A Primer on Rehabilitative Therapy, Summer 2012

July 28, 2012 3:00 PM | Anonymous

Use (and abuse) over the years can leave us with aches and pains, as well as joints and muscles that no longer behave as we would wish. Leading an active life can help, but sometimes we need therapy to overcome these problems.

MURA member Marianne van der Wel is a poster girl for the active, fit retiree. An avid user of the Pulse (weight and strength training gym) at the David Braley Athletic Centre, Marianne's journey back to health started with McMaster’s Sport Medicine & Rehabilitation Centre  and the rehabilitation services offered there, which include Physiotherapy, Athletic Therapy, Massage, Chiropractic and Osteopathy. You may also encounter these services at clinics and practices in the community. Depending on the setting and your needs, therapy may be given by a Physiotherapist, Physiotherapy Assistant, Kinesiologist, Athletic Therapist, Chiropractor or Osteopath.

Marianne has experienced real benefits from Osteopathy and Athletic Therapy combined with a fitness program. “After all the damage I did to my right side sitting in front of computer screens, there is no way that simply working out would have lead to the results I'm getting. My range of motion is so much more, my aches and pains are so much less, and the differences between right side and left side which was quite huge is slowly decreasing.”

There is overlap across Physiotherapy, Athletic Therapy, Massage, Chiropractic, Osteopathy and Kinesiology in terms of the techniques used, but there are differences in the underlying principles of the disciplines, as well as in the training. A short description of each discipline appears below. The MURA website has additional information comparing the purposes and methods of these types of therapy. Physiotherapists, Registered Massage Therapists and Chiropractors are regulated by the Regulated Health Professions Act in Ontario, but Athletic Therapists and Osteopaths are not. Kinesiology is expected to come under the act later in 2012.

Physiotherapy is the treatment of disease, injury, or deformity by joint and soft tissue mobilization, electrical stimulation, cryotherapy (cold), thermotherapy (heat), exercise and massage. It may be delivered by a Physiotherapist (a health professional with a Master’s degree in Physiotherapy) or by a Physiotherapy Assistant under the supervision of a Physiotherapist. Some physiotherapists in the Hamilton area will make home visits following orthopedic surgery and injuries for those who are house bound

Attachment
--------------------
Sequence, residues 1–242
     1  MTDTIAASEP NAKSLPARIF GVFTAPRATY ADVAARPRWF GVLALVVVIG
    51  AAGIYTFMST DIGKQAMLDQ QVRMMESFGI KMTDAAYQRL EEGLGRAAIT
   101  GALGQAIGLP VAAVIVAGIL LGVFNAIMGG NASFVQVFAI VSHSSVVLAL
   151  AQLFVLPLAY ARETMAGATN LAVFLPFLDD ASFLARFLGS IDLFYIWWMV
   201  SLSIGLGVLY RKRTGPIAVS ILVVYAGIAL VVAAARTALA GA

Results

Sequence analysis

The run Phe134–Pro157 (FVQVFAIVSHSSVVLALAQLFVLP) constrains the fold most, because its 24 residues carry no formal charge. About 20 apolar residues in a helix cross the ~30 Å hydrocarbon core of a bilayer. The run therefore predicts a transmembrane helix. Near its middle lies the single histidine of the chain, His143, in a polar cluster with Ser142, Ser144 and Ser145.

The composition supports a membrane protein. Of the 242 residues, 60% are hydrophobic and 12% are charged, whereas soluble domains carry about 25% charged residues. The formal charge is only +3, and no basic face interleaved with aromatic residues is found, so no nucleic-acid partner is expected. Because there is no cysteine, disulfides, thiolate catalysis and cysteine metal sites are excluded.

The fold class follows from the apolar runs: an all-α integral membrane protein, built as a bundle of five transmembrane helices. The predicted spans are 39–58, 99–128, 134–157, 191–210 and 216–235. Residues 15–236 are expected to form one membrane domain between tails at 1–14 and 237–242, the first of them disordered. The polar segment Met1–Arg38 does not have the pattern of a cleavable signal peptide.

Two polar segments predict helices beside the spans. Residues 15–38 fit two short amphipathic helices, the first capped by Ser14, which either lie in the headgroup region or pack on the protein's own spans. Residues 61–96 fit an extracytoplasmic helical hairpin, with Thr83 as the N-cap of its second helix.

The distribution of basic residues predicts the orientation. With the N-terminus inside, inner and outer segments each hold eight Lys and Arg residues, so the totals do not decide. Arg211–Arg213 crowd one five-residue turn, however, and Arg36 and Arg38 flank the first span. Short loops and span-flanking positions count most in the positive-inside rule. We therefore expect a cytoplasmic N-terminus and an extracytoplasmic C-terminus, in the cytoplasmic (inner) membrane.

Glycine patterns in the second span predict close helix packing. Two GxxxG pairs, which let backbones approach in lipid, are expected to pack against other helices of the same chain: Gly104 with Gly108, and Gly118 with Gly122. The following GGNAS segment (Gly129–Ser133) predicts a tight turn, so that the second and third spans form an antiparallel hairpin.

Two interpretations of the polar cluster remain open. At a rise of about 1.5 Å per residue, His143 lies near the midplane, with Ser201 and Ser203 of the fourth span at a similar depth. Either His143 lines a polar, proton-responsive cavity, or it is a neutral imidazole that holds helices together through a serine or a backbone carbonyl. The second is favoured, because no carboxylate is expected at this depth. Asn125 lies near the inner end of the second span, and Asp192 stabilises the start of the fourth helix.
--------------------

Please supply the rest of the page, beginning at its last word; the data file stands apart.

Athletic Therapy uses physiotherapy techniques, as well as supportive taping and bracing to return a person to exercise following an injury. Certified Athletic Therapists have an undergraduate degree with specific training in the area of activity-related injury.

Kinesiology is the study of human movement. Kinesiologists apply a range of assessment and therapeutic interventions aimed at enhancing movement. They have completed at least a four-year university degree in Kinesiology.

Massage Therapy uses pressure such as rubbing, kneading or vibration of muscles to relieve tension or pain, increase circulation and improve the mobility of muscle tissue. Registered Massage Therapists have completed a 2-3 year college program.

Chiropractic is a therapy based on manipulation of misalignments of the joints, especially those of the spinal column. Chiropractors receive four years of training at private Chiropractic Colleges.

Osteopathy uses manipulation and massage of the bones, joints, muscles and organs to improve mobility and circulation. Osteopathic Manual Practitioners have a diploma or degree from a private educational institution.

In some cases Physiotherapy may be covered by OHIP, but the other types of therapy described above are not. For specific information on your eligibility for OHIP coverage, call the ServiceOntario INFOline at 1-866-532-3161.

Your McMaster Benefits Plan may also cover some of these services. Check the Extended Health, Dental, and Group Life Benefit Plan booklet specific to your employee group (MUFA, CAW, SEIU, etc.) and year of retirement for details. For information on your personal coverage, visit Sun Life’s web site or McMaster's Human Resources post-retirement benefits Information page, or call Sun Life at 1-800-361-6212, 8 am - 8 pm ET Monday to Friday.

You may also want to refer to an article on funding for physiotherapy in the Fall 2008 issue of MURAnews.

It’s never too late to investigate ways to keep your body moving. As Marianne says “Without your body, where are you going to live"? 

© 2021 McMaster University Retirees Association | Having trouble with this site? Contact our Webmaster.

MURA, McMaster University, Gilmour Hall Room B108, 1280 Main Street West, Hamilton, Ontario L8S 4L8

Powered by Wild Apricot Membership Software